A bipartisan pair of senators predicted Thursday that Congress and the Trump administration will try to give the FBI warrantless access to Americans’ browsing history and encrypted messages.
While speaking about Congress’s upcoming deadline to renew broad National Security Agency surveillance powers Thursday, Democratic Sen. Ron Wyden of Oregon and Kentucky Republican Sen. Rand Paul warned the White House and Congress will pursue legislation to give agencies like the FBI access to more of Americans’ personal data and communications.
“It will be back, make no mistake about it. In this climate, with this administration,” Wyden said, “as sure as the night follows the day we will have an effort by the Justice people to get [National Security Letters] to be able to get your browsing history.”
National Security Letters (NSLs) are subpoenas intelligence agencies like the FBI use to force companies to turn over business records in the course of investigations, and don’t require a warrant. They’re typically issued with a gag order that prevents a company from publicly disclosing the letter.
After the ISIS-inspired shooting at Pulse in Orlando last year, Republicans led by Sens. John McCain of Arizona and Richard Burr of North Carolina fell two votes short of passing legislation that would have let the FBI use NSLs to subpoena browsing histories, location information, IP addresses, and the senders and recipients of emails without a warrant.
Their efforts were blocked by a privacy coalition led by Wyden, who sits on the Senate Intelligence Committee, and Paul, who regularly attends intelligence briefings and has proposed legislation to curb NSA in the past.
“That was a great victory, and probably underreported that we really did something that was good for the people,” Paul said.
Wyden and Paul are the upper chamber’s chief privacy hawks and frequently work together on surveillance and privacy issues. They sat alongside each other Thursday to lay out their opposition to renewing Section 702 of the Foreign Intelligence Surveillance Amendments Act (FISA) — the law that authorizes some of NSA’s most expansive surveillance programs.
Section 702 authorizes NSA to tap the physical infrastructure of internet service providers, like fiber connections, to surveil the content of foreign emails, instant messages, and other communications as they exit and enter the U.S. Privacy advocates say such collection facilitates a loophole for NSA to incidentally collect data belonging to American citizens, and likely amounts to millions of warrantless interceptions.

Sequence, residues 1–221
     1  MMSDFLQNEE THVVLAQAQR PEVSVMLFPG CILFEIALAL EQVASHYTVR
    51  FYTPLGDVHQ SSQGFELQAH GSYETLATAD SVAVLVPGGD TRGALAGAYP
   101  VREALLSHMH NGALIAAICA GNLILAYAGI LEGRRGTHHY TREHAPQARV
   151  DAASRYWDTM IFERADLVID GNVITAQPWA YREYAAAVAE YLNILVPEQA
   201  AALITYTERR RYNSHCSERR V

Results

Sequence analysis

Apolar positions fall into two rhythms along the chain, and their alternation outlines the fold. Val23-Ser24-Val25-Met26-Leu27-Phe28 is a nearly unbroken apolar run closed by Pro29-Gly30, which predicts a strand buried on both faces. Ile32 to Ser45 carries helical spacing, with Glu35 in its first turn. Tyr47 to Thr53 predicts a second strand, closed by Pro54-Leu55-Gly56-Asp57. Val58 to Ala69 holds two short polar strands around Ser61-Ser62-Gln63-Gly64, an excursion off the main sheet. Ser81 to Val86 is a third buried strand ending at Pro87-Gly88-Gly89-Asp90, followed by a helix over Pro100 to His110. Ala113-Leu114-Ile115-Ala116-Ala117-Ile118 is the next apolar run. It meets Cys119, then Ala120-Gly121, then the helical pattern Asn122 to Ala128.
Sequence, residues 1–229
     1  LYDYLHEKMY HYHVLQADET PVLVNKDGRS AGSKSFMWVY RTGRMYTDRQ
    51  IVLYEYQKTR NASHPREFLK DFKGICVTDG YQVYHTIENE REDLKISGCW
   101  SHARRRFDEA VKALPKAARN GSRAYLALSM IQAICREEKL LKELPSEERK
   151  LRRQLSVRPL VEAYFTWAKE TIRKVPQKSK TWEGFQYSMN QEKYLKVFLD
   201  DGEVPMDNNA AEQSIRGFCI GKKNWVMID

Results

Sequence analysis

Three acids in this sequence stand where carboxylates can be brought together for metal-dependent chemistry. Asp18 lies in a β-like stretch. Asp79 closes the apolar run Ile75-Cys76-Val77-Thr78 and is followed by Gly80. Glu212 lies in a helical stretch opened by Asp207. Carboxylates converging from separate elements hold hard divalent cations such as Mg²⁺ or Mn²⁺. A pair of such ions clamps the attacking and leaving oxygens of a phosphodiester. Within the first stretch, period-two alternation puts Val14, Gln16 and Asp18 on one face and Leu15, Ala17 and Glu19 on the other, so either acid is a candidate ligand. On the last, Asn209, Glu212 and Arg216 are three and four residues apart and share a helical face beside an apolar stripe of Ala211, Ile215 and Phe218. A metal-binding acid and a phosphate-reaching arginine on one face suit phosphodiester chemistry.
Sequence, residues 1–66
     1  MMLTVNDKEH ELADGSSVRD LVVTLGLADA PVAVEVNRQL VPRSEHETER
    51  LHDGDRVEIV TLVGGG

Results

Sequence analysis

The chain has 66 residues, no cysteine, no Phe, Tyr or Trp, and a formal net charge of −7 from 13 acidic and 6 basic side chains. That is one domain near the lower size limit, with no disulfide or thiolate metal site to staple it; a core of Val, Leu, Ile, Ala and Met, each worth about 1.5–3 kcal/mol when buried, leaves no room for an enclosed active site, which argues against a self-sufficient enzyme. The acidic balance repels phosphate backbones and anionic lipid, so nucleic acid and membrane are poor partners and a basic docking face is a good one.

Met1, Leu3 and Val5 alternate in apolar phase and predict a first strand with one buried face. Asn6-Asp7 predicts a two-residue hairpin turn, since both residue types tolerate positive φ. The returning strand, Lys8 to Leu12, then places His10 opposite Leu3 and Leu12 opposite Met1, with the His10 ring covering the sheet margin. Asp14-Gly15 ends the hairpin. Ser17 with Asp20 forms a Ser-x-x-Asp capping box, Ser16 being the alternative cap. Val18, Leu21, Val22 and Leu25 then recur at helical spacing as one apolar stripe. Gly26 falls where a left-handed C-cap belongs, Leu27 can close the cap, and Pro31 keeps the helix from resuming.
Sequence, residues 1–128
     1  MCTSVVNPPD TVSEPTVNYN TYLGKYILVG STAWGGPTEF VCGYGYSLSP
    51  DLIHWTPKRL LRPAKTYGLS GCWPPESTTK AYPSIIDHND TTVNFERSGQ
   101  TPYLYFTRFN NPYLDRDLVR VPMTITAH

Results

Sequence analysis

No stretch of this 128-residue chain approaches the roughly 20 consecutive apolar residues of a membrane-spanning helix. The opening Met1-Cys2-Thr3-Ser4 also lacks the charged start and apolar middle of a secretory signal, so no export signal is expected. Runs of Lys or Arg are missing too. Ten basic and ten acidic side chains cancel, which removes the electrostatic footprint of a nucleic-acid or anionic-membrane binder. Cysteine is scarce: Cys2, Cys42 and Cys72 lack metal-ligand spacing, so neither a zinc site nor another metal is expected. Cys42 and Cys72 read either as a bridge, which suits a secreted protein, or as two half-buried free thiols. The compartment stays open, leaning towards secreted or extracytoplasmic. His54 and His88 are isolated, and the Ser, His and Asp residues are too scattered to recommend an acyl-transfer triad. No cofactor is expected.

The law expires in December, and despite calls from the White House and the intelligence community to renew and possibly make permanent the FISA Amendments Act, Wyden and Paul have no intention of doing so until they get an estimate of how many Americans are swept up in Section 702 surveillance.
Wyden blasted Director of National Intelligence Dan Coats and NSA Director Mike Rogers in recent hearings for failing to produce the estimate he and others have been asking for over the last six years. Coats and Rogers say the agency has no way of calculating an estimate without jeopardizing surveillance programs.
He announced Thursday he’ll be “sending a letter to the director here very shortly with some fresh suggestions on how they can actually figure out how many Americans are being swept up.”
Others have raised concerns about the program’s ability to surveil lawmakers themselves and numerous compliance issues highlighted by the Foreign Intelligence Surveillance Court.
The pair predicted a renewed interest from the White House for legislation to undermine encryption, a stance the Obama administration neglected to take.
“Any proposal, and I expect we’ll see it from the Trump administration, to weaken strong encryption — I will close down the United States Senate over that issue in order to try to block it,” Wyden said.
Then-candidate Donald Trump criticized Apple in 2016 for declining an FBI request to decrypt the iPhone of one of the shooters in the December 2015 San Bernardino shooting.
“Apple ought to give the security for that phone,” Trump said last February. “What I think you ought to do is boycott Apple until such a time as they give that security number.”
Wyden said the debate wasn’t about “security versus liberty” but “security versus less security.”
“If you look at the odds of what you’re more likely to have someone attack you on,” Paul added, “terrorism, or the privacy of your credit card and stealing your information, it’s like a million to one.”